Hiking on the cliffs above the the Pacific Ocean with my nine year old son creates for us a safe space to explore the world. Questions abound as we come across animals, plants, rock strata, and even the wonderful variety of people we encounter. And as a science teacher I may have an idea of much of what we come across, I hear from the nine year old perspective new questions and thoughts that may have never occurred to me. There are no texts or assignments forcing students down a path that the teacher wants the student to focus. Instead, the child’s questioning and wonderment lead the discussions and the ideas to explore. The generated excitement even invites those people passing by to add their understanding and questions. Learning opened through the initial questions and new insight allowed us to look at the experience in new ways:
- Why are all the organisms under plants or why are the animals a certain color?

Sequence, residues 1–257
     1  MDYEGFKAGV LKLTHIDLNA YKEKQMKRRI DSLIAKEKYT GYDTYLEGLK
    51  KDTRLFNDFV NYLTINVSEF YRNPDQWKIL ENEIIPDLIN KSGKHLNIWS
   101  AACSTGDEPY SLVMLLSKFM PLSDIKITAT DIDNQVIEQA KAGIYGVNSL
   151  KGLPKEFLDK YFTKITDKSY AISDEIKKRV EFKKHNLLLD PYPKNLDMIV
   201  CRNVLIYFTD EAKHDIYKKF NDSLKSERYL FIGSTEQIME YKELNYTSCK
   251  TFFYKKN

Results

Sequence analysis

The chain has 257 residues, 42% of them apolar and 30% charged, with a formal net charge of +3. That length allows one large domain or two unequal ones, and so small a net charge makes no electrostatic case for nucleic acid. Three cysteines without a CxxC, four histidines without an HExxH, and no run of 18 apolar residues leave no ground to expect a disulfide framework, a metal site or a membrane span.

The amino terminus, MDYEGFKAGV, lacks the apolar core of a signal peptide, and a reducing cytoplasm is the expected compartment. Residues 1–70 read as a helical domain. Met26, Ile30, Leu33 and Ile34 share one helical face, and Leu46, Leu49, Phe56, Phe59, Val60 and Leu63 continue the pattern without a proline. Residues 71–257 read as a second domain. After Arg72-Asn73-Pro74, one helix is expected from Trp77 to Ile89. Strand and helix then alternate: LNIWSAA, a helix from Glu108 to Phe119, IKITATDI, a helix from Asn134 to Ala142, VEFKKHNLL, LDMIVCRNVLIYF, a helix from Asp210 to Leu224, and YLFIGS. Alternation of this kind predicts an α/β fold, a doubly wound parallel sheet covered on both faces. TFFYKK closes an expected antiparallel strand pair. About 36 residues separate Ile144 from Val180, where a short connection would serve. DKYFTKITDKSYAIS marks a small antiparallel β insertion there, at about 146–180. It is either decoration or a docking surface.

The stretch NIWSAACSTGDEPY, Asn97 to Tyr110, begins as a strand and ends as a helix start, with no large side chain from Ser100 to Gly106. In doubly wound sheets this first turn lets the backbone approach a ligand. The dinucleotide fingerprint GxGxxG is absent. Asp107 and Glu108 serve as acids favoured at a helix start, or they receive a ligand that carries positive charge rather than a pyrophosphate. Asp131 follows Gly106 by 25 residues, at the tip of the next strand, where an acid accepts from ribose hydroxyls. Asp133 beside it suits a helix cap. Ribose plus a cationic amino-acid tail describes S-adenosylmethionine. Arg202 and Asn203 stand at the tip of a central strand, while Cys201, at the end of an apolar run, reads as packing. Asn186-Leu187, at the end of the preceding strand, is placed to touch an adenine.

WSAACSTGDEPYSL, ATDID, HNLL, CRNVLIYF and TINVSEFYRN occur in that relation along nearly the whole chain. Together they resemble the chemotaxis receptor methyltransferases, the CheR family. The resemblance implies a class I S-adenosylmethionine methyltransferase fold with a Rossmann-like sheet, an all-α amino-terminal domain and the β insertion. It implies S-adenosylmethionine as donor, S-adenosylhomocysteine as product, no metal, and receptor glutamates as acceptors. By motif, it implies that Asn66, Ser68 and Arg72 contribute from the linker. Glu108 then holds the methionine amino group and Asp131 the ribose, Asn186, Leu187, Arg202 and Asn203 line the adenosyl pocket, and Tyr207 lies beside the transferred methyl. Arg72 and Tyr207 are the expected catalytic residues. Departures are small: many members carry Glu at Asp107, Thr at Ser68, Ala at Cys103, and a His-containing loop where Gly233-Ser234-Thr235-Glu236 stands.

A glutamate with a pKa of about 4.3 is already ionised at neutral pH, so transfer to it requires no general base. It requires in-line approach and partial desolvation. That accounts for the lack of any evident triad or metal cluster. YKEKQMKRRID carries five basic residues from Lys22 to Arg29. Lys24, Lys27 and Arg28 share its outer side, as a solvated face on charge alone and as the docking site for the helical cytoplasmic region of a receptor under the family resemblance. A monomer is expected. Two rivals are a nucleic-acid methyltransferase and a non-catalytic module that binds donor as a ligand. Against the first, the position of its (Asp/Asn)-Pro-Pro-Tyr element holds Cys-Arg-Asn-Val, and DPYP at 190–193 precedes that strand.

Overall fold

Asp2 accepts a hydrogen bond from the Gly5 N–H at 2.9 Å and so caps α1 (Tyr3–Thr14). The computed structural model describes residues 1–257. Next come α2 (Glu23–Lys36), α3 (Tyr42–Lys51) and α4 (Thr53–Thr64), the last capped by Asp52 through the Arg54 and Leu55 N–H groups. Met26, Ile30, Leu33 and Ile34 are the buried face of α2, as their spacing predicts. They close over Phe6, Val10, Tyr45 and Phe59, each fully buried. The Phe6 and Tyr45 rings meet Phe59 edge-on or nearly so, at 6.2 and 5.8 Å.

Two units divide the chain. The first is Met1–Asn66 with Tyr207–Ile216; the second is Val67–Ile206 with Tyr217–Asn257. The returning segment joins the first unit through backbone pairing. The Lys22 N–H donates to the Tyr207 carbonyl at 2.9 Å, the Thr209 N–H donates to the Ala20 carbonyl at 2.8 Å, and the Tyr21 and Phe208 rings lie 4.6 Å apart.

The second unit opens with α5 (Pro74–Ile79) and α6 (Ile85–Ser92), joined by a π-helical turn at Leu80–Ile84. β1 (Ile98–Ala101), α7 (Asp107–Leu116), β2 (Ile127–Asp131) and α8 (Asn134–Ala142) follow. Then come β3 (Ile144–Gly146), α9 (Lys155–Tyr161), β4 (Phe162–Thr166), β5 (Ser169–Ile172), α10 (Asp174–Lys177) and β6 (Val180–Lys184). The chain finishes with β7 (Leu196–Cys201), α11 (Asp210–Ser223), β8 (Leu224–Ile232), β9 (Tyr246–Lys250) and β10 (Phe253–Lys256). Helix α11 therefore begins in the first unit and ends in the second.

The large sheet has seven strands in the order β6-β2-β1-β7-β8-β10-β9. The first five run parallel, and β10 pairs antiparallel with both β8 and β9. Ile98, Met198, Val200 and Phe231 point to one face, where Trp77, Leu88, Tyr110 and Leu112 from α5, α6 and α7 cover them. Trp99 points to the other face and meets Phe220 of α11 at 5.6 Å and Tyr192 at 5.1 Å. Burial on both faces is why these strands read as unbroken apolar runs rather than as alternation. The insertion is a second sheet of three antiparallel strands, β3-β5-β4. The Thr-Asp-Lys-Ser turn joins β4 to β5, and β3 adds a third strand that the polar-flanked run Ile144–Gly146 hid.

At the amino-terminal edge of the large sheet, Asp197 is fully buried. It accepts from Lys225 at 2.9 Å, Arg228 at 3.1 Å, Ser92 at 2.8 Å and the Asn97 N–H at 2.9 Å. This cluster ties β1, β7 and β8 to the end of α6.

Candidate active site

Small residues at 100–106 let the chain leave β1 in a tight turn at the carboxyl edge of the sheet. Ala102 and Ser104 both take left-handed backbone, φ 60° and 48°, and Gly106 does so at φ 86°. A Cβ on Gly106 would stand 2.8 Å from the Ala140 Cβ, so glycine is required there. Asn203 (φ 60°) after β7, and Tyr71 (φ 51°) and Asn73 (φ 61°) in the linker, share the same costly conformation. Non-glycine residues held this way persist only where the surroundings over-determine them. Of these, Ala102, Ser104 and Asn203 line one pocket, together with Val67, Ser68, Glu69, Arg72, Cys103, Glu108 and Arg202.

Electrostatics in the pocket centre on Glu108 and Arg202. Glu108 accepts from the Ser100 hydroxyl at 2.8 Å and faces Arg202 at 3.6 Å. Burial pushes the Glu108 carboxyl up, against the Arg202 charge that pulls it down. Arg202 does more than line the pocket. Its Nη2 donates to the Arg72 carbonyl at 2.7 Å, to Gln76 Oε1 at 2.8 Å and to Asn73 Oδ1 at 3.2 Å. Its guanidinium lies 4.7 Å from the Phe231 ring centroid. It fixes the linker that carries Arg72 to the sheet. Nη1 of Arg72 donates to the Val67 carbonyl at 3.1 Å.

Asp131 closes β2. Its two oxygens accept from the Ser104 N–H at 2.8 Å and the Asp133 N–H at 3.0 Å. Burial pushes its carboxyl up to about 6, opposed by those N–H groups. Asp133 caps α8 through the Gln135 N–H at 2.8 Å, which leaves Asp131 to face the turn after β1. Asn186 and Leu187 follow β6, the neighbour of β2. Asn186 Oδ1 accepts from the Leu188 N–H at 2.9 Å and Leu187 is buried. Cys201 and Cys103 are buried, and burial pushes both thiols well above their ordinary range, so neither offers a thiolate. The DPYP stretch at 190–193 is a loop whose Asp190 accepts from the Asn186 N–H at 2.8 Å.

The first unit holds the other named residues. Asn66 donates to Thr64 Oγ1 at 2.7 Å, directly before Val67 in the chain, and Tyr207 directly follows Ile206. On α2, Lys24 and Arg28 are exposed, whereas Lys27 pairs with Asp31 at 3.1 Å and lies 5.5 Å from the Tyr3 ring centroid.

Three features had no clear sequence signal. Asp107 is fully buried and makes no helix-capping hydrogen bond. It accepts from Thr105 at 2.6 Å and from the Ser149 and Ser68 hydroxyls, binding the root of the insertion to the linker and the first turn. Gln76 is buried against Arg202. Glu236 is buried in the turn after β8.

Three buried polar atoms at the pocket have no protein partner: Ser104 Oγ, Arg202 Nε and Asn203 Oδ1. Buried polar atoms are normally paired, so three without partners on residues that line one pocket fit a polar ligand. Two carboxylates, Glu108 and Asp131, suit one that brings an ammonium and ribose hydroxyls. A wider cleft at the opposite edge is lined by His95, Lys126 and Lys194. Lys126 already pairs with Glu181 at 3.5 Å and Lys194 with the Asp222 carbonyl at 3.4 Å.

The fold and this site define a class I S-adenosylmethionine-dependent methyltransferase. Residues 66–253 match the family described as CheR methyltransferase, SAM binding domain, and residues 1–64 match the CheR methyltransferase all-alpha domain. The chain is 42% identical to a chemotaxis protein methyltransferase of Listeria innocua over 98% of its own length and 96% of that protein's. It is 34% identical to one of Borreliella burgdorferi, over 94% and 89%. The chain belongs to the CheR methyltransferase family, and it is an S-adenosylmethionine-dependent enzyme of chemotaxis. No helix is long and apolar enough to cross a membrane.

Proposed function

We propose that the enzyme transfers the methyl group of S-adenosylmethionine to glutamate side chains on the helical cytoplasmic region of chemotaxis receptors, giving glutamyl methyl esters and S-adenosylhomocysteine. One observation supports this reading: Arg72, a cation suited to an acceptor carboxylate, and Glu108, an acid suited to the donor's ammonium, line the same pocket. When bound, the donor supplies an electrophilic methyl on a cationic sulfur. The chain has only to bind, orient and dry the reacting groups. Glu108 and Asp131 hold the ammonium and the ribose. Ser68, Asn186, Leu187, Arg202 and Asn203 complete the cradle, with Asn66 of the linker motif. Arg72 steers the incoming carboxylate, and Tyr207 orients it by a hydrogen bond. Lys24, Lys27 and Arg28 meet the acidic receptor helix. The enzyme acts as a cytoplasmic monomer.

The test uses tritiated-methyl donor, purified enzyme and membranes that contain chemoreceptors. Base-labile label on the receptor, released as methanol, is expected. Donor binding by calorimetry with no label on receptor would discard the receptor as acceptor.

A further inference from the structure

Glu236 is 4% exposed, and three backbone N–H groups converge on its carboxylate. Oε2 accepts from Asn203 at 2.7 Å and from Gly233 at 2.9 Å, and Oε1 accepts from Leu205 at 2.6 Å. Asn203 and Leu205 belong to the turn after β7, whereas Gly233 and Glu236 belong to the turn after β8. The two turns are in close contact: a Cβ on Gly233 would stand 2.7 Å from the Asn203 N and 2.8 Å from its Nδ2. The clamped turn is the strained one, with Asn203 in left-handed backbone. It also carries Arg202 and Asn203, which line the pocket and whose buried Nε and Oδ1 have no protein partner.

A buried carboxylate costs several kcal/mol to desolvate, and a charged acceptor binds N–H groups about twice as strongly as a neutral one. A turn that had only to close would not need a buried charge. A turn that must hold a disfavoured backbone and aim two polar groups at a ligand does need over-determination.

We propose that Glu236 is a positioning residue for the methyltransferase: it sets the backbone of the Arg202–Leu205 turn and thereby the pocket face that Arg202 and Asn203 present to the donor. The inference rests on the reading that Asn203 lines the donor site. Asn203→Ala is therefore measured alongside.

- What eats what?
- Why there are more insects than lizards?
- Why do the birds circle above?
- Why? Why? Why?
The TEDTalk21 invitation to remember a safe learning space reminded me of how a simple hike led to an natural and engaging learning experience in which my 9 year old has developed a new understanding of the world in which he lives. But it has also opened a new learning experience for myself. Seeing the child’s excitement and the additional different perspectives brought into the experience has led me to wonder:
- How can this excitement and natural engagement become the learning norm in my classroom?
- How can these natural interactions be replicated to invite in others through new formats using digital literacy so that everyone can impact their own creative learning process?
Actively participating with the Lead21 team in learning how to actively engage learning through the use of technology to replicate this system has opened a new world.
Why are so many of us using technology as a replacement of the ribbon based typewriter instead of the social environment that could help learning flourish?